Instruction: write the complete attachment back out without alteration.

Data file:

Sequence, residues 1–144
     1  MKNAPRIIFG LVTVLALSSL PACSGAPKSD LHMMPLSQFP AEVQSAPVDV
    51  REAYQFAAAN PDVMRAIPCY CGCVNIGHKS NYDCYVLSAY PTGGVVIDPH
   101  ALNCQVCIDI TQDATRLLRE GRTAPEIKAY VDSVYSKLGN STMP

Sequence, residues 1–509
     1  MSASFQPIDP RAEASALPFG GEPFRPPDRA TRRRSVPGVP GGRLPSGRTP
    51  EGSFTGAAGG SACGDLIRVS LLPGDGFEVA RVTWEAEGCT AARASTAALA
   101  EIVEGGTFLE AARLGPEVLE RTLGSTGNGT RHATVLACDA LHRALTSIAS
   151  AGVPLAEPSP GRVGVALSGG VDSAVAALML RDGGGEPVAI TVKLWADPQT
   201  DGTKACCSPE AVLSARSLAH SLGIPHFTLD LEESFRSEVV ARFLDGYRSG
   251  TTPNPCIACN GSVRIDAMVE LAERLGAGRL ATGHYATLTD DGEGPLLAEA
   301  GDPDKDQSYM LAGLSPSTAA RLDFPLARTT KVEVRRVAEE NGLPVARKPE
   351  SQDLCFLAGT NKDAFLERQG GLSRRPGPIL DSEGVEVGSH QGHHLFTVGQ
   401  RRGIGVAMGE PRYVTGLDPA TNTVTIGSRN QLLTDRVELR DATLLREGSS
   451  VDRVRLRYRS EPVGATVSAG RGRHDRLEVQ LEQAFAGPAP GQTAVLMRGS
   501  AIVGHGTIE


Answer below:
Sequence, residues 1–144
     1  MKNAPRIIFG LVTVLALSSL PACSGAPKSD LHMMPLSQFP AEVQSAPVDV
    51  REAYQFAAAN PDVMRAIPCY CGCVNIGHKS NYDCYVLSAY PTGGVVIDPH
   101  ALNCQVCIDI TQDATRLLRE GRTAPEIKAY VDSVYSKLGN STMP

Sequence, residues 1–509
     1  MSASFQPIDP RAEASALPFG GEPFRPPDRA TRRRSVPGVP GGRLPSGRTP
    51  EGSFTGAAGG SACGDLIRVS LLPGDGFEVA RVTWEAEGCT AARASTAALA
   101  EIVEGGTFLE AARLGPEVLE RTLGSTGNGT RHATVLACDA LHRALTSIAS
   151  AGVPLAEPSP GRVGVALSGG VDSAVAALML RDGGGEPVAI TVKLWADPQT
   201  DGTKACCSPE AVLSARSLAH SLGIPHFTLD LEESFRSEVV ARFLDGYRSG
   251  TTPNPCIACN GSVRIDAMVE LAERLGAGRL ATGHYATLTD DGEGPLLAEA
   301  GDPDKDQSYM LAGLSPSTAA RLDFPLARTT KVEVRRVAEE NGLPVARKPE
   351  SQDLCFLAGT NKDAFLERQG GLSRRPGPIL DSEGVEVGSH QGHHLFTVGQ
   401  RRGIGVAMGE PRYVTGLDPA TNTVTIGSRN QLLTDRVELR DATLLREGSS
   451  VDRVRLRYRS EPVGATVSAG RGRHDRLEVQ LEQAFAGPAP GQTAVLMRGS
   501  AIVGHGTIE